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Copyright / Legal Info: All content posted on this website, including (published or non-published) videos and images shot at our facilities demonstrating our devices, is copyrighted and owned by Mirrorcle Technologies, Inc.; and is protected by United States and international copyright laws. Any unauthorized (without the express written permission of Mirrorcle Technologies) use, reproduction, alteration, and/or retransmission by any means of those materials is strictly prohibited and may result in legal action and financial liability.

Videos are also available on our YouTube channel, with slightly lower resolution and quality.


Mirrorcle Technologies at the Photonics West 2016 Exhibition

In February 2016, Mirrorcle Technologies, Inc. attended SPIE Photonics West show and conference in San Francisco, CA, where the company displayed newest products and demos.

 

 

 

Mirrorcle Technologies Celebrates Its 10th Anniversary at Photonics West 2015

In February 2015, Mirrorcle Technologies, Inc. celebrated 10 Years of Excellence since founding in Feb. 2005. This coincided with the SPIE Photonics West show and conference in San Francisco, CA, where the company displayed newest products and demos, and where Mirrorcle researchers presented results of recent R&D projects.

 

 

Laser Marking with Mirrorcle MEMS Mirrors

MirrorcleTech MEMS mirror can very precisely raster scan an image and using focused laser diodes print labels, images, or 2D barcodes on various materials. Vector graphics are shown as well, using MirrorcleDraw software. Printing can be at virtually any resolution and printing time is dependent on available laser power and material properties. In this simple demonstration a LaserScribe DVD is used as the target.

 

 

Fast and Compact MEMS Mirror Based Laser Tracker

Using Mirrorcle Technologies gimbal-less MEMS Mirrors, we designed and demonstrated various laser tracking systems, including a system for outdoor use at ~100m range. The systems use a scanned laser beam to follow and report the position of a remote object optically. The object is marked with a small retro-reflective tape marker. Position is then reported to the user. MEMS mirrors enable simple, compact, and low-cost implementation of laser tracking as well as drastically lower power consumption than competing technologies.

 

 

Mirrorcle Technologies MEMS Mirrors in Tip-Tilt-Piston Operation

Gimbal-less, 4-quadrant MEMS mirrors are typically used in tip-tilt (two-axis rotation) mode, for various optical beam-steering application. In this demonstration we operate three typical devices in 3 DoF (three degrees of freedom) mode, by also independently conrolling pistoning motion of the mirror (up and down).

 

 

MirrorcleTech 8.2mm and 9.0mm MEMS Mirror Scanning System

In 2012 we designed and fabricated the largest size gimbal-less MESM mirrors to date. To enable closed-loop control each unit includes an optical position detection module and a close-loop MEMS controller. Scanning System accepts setpoint commands for both axes by digital (SPI) or analog input, and communicates back position data.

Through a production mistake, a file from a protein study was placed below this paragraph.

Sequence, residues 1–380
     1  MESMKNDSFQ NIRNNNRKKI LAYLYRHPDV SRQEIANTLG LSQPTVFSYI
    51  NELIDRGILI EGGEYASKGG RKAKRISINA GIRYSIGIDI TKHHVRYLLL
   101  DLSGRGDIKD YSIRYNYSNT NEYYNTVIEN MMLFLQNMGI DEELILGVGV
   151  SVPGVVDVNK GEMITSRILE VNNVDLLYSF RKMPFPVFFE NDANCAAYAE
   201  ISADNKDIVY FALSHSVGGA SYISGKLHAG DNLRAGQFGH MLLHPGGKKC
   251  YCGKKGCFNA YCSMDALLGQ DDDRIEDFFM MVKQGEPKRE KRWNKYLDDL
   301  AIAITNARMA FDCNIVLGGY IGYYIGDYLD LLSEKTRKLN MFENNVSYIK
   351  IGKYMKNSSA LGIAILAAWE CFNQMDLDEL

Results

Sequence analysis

Mirrorcle Technologies at the Photonics West 2013 Exhibition

A brief overview of the Mirrorcle Technologies booth at the Photonics West 2013 Exhibition in San Francisco, Feb. 5th-7th, 2013. Numerous demos of point-to-point MEMS mirrors are shown and explained. MEMS Mirror Development Kit hardware and software is shown. Demos include laser display on glass, Android app for MEMS mirror driving, a touch sensor frame which turns a piece of glass into an interactive laser display.

 

 

Printing of Labels and Images

MirrorcleTech MEMS mirror can very precisely raster scan an image and using focused laser diodes print labels, images, or 2D barcodes on various materials. Printing can be at any resolution and printing time is dependent on available laser power and material properties. In this simple demonstration a LaserScribe DVD is used as the target.

 

 

Video: MTI RGB Laser Projection Display I

Full-color Laser Projection Display
(01:12 | 30 MB)

Mobile projector with a MEMS-based scanning mirror, and miniature native-semiconductor RGB (Red, Green, Blue) laser sources. Demonstrates our technology for very light, low-power pocket (pico) projectors. This demo shows 1280x720 pixel images displayed using our MEMS projector demonstrator.


 

Video: MTI Tracking of Retroreflectors and Various Objects II

Optical 3D Tracking of a Corner-Cube Retroreflector
(01:08 | 39 MB)

Second part of a demonstration of optical 3D tracking based on MirrorcleTech scanning MEMS mirrors. The system is scanning a laser beam in a volume, until it finds a retro-reflective object which it detects with a photo-sensor. It is then capable of rapidly tracking that object through its 3D movements and precisely measuring its position. The object here is a prism-type corner-cube retroreflector which seems illuminated in red during tracking due to the fact that the MEMS mirror continually directs the laser beam toward its center.


 

Video: MTI Tracking of Retroreflectors and Various Objects I

Optical 3D Tracking of Objects Marked with Retroreflective Tape
(02:11 | 78 MB)

First part of a demonstration of optical 3D tracking based on MirrorcleTech scanning MEMS mirrors. The system is scanning a laser beam in a volume, until it finds a retro-reflective object which it detects with a photo-sensor. It is then capable of rapidly tracking that object through its 3D movements and precisely measuring its position. We use retro-reflective tape stickers to mark various objects to be tracked. Tape then seems illuminated in red during tracking due to the fact that the MEMS mirror continually directs the laser beam toward its center.


 

Video: MTI Optical 3D Tracking of a Light-Emitting Object

Optical Optical 3D Tracking of a Light-Emitting Object
(01:08 | 40 MB)

Demonstration of optical 3D tracking based on MirrorcleTech scanning MEMS mirrors. The system is scanning a mirror in a volume, until it finds a light-emitting object which it detects by reflecting its light to a photo-sensor. It is then capable of tracking that object through its 3D movements and precisely measuring its position.


 

Video: 3D Tracking and Position Measurement Demo